The way I interpret it (and if you go on the BDFPA website and click on Constitution you can read it for yourself) if you just happen to find yourself at a training session or in a gym with a lifter who's let's called it untested, that's ok. But if you organise a training session and invite untested lifters to come along, you're effectively promoting drug use/abuse.

I'm reluctant to name names, but say I were to take up a world champion's kind offer to come over and train with him in Leeds, I think that would be anti BDFPA rules. But if I went to Jim and Bryn's session and there just happened to be an untested lifter there, that wouldn't be a problem.

If somebody else can shed more light on this, I'd be interested to read it.
WogihaoIcon...28-05-2007 @ 13:30 
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But how would that work in practice, if you went to my gym or any serious gym you would be around people useing performance enhancers. and thats just a bodybuilding place imagine the issue you would have with a powerlifting or barbell club! what are you suposed to do ask everyone else to leave or train in your basement????
Martin1956Icon...28-05-2007 @ 13:42 
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s**t! What have I started?! I train in a gym with lots of guys who juice. That's not a problem. But if I started coaching them and going along to untested comps as their coach, that would be a problem. If I got a job behind the desk in a gym where under the counter gear was sold, that would probably be a problem as well, even if I wasn't selling it. But just being in a gym at the same time as guys that juice is not a problem in itself. I think...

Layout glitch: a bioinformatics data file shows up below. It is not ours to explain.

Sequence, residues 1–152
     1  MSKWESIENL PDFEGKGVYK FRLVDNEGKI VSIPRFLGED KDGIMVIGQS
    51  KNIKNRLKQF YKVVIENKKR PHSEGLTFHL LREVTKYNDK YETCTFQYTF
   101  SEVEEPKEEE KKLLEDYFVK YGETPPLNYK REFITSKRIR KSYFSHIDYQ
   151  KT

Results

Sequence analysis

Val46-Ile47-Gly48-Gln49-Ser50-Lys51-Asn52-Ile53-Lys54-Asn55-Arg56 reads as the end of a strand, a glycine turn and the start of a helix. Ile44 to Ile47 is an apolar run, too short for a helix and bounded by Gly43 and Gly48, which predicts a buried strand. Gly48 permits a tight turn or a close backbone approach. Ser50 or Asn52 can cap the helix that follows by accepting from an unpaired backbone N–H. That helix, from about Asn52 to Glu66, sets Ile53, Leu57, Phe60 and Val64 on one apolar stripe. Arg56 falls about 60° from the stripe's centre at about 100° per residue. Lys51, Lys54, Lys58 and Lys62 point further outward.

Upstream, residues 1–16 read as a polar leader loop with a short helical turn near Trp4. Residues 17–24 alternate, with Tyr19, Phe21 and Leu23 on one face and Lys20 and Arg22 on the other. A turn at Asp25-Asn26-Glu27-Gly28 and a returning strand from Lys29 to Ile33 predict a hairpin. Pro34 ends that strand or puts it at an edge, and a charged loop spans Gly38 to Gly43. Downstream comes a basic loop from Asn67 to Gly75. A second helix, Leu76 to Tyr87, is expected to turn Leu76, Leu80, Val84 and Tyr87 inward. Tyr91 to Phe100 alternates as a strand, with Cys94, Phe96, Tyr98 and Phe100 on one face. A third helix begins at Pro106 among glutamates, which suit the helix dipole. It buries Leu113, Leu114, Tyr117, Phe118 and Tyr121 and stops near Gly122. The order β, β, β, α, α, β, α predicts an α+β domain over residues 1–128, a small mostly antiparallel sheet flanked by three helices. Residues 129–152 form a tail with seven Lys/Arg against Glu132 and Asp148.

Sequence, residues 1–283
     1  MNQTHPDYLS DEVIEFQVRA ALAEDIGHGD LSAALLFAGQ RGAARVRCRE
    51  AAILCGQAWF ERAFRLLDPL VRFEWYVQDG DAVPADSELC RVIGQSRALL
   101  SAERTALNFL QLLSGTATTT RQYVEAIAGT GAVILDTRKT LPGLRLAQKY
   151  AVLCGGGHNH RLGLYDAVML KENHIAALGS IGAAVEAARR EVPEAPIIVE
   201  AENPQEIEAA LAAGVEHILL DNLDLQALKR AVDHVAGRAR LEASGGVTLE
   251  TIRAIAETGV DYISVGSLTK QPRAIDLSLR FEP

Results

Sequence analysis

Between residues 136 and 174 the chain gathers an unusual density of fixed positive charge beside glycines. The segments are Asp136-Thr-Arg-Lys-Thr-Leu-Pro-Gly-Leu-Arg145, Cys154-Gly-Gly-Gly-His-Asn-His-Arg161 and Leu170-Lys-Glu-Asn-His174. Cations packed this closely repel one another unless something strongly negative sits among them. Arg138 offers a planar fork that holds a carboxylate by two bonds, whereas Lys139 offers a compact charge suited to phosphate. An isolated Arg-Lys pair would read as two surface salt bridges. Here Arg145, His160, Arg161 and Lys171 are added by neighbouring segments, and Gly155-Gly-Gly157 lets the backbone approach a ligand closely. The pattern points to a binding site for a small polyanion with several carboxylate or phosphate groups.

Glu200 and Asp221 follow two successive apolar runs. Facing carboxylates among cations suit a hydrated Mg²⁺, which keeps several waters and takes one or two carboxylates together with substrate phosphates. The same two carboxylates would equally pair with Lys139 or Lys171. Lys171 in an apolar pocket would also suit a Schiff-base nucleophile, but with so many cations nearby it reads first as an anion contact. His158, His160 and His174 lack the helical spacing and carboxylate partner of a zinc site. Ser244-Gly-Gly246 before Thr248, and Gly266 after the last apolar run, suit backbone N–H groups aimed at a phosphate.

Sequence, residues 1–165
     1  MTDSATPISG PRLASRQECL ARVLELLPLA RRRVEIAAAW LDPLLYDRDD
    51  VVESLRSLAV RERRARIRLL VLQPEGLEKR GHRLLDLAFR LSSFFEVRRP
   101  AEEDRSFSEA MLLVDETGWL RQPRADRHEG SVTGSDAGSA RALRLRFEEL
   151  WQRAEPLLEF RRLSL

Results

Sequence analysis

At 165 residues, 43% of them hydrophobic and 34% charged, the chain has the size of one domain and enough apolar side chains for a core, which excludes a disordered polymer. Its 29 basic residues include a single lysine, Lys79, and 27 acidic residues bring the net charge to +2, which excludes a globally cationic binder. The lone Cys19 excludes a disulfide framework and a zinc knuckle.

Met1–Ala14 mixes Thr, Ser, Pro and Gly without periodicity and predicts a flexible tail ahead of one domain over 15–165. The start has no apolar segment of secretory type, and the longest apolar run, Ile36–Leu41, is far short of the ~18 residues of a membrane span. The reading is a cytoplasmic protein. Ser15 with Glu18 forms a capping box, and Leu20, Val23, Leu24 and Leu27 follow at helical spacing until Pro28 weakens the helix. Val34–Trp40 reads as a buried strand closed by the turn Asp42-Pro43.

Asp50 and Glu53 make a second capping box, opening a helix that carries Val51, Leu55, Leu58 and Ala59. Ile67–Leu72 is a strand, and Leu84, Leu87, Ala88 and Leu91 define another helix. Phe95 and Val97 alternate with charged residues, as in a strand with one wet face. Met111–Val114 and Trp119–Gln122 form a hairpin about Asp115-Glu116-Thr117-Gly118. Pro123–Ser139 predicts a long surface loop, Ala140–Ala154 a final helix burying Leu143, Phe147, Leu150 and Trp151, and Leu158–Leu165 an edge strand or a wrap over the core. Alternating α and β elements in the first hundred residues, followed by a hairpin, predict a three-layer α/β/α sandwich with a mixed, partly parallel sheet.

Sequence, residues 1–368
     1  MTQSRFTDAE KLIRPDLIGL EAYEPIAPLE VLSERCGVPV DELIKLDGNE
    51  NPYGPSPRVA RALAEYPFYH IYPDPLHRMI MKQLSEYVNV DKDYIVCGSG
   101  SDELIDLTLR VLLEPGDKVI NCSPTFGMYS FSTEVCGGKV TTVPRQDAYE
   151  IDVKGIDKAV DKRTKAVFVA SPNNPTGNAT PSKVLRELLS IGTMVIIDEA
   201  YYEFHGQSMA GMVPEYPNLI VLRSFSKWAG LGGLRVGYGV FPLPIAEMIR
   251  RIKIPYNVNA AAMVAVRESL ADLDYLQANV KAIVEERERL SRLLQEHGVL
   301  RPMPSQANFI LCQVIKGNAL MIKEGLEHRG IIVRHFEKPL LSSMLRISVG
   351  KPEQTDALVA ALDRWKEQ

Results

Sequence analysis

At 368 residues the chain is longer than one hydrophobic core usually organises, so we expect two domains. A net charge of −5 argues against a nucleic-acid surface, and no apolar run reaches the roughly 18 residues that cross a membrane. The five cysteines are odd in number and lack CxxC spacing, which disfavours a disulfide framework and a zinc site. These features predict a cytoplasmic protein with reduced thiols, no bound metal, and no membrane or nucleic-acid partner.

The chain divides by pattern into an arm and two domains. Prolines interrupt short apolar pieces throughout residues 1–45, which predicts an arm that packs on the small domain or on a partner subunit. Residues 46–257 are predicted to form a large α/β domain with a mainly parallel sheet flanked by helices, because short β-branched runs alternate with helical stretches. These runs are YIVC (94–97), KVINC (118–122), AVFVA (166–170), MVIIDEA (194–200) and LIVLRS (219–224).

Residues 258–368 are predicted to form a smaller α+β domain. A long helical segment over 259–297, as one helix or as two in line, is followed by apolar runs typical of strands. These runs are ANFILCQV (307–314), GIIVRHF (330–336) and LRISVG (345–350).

Have a look at the constitution. I might be seeing something that isn't there.
TonyIcon...28-05-2007 @ 13:53 
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Cheers for clearing that up lads.

I'm always prepared to train with people who will have something to teach me regardless of Federation. We are all powerlifters at the end of the day.
tokarIcon...28-05-2007 @ 17:22 
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The BDFPA maintains the right if it so chooses, to refuse membership to
individuals who :

e) Have been or who are involved with organisations or associations
whose aims or stance is not considered compatible with the aims